The audio receiving queue at a receiving station is a FIFO queue which comprises a series of buffer units. At the start of the receiving station's participation in the multicast, its audio receiving queue is filled to an initial predetermined occupancy level. If the audio data consumption rate of the receiving station is too slow relative to the received audio data stream, the occupancy of the audio receiving queue will exceed an upper threshold level. If the audio consumption rate of the receiving station is too fast relative to the received audio data stream, the occupancy level of the audio receiving queue will fall below a lower threshold level. By detecting these two conditions, each receiving station participating in the multicast gains knowledge about whether the source station has a clock for the audio data stream which is faster or slower than the audio data stream clock at the receiving station. Once one of the foregoing conditions is detected, several steps may be taken:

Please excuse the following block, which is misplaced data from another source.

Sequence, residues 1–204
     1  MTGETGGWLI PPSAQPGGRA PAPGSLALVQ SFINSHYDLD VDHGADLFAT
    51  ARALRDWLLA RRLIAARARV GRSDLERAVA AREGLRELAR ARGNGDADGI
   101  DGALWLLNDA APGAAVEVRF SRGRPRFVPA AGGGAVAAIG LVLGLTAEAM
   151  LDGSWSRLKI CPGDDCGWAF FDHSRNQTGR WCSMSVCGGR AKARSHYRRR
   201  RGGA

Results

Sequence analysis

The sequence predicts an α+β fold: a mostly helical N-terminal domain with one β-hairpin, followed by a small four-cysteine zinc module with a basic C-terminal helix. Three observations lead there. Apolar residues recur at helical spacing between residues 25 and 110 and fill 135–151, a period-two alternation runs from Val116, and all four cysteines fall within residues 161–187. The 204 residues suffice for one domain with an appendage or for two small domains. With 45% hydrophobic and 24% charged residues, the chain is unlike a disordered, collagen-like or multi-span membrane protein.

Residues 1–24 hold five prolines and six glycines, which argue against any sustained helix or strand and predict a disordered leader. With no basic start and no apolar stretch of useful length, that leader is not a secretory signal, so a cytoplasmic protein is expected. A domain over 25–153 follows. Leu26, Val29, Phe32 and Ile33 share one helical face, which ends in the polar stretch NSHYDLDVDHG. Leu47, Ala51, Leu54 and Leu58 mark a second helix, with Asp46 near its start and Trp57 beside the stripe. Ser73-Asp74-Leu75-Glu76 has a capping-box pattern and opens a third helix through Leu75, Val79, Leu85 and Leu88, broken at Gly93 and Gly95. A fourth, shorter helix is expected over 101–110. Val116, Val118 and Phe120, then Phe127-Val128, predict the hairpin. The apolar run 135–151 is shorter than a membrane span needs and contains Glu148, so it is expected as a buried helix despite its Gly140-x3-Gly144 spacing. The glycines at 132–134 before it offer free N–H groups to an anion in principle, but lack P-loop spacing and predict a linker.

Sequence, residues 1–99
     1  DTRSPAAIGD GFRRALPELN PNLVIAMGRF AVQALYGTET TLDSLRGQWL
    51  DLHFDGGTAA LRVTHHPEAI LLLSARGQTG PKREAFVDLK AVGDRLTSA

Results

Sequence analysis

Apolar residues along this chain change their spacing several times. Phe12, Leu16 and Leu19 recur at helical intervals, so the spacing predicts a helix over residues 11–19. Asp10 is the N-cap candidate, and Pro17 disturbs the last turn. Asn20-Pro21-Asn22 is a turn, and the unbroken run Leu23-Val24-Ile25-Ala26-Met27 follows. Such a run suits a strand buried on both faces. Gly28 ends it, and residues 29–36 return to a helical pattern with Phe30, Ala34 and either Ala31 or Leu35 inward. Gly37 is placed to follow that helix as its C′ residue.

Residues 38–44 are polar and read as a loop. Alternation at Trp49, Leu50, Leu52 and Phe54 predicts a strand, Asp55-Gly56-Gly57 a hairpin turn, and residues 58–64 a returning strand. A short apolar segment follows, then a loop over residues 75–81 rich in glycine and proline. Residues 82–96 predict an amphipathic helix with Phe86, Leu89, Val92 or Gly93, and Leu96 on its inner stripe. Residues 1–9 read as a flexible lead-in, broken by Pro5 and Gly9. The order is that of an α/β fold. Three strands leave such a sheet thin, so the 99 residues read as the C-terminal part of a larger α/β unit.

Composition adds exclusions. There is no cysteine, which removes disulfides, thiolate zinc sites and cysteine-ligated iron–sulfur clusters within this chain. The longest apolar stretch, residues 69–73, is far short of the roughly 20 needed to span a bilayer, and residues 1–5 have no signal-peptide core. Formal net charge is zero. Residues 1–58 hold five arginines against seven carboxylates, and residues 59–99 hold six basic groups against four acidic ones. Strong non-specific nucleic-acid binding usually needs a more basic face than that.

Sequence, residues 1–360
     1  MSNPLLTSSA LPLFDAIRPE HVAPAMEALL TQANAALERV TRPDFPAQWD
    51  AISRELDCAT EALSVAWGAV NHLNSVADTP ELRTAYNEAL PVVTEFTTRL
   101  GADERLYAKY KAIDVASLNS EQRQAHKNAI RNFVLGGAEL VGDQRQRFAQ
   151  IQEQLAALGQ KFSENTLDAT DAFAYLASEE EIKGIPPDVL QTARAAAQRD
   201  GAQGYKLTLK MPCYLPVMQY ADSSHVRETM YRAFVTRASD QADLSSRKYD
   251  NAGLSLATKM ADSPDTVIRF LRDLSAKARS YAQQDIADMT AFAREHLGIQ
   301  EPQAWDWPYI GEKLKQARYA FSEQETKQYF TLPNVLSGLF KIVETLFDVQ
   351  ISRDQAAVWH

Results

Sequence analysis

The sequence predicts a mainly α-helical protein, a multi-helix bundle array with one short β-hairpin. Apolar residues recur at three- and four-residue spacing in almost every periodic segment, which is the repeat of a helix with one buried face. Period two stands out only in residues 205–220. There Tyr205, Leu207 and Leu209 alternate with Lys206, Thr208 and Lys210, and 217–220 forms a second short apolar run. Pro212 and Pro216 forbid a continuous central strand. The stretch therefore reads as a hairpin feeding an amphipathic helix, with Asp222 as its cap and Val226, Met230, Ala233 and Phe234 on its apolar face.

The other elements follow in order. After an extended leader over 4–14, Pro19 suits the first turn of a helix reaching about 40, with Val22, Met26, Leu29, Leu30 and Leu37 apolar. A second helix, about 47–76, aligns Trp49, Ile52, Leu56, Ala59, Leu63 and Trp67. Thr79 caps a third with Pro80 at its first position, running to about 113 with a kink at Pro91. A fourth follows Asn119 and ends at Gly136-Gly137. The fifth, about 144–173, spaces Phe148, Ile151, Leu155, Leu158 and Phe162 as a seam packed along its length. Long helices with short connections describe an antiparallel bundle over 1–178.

(1) the clock at the receiving station may be tuned, i.e., sped up or slowed down; or

(2) the audio receiving queue at the receiving station may be reset to the initial occupancy. This means data is removed from or added to the queue; or

(3) the audio receiving queue may be trimmed. The difference between a queue trim and a queue reset is as follows. In a reset, data is removed from or added to the queue by filling or emptying one or more buffer units. In a trim, one or more bytes of data are added or removed from several buffer units.

To determine whether the occupancy of the audio receiving queue is above an upper threshold or below a lower threshold a time average of the audio receiving queue occupancy is preferably used. To determine this time average, the queue occupancy is periodically measured, and each measured occupancy is stored in a history buffer. A low pass digital filtering algorithm can be used on the queue occupancy history buffer to detect if the queue is slowly increasing or decreasing in occupancy. The low pass filtering can be implemented by using a moving average algorithm on the audio receiving queue occupancy history. If the output signal of the low pass filtering of the audio receiving queue occupancy history goes above or below predetermined thresholds, then one of the steps (1), (2), or (3) may be taken.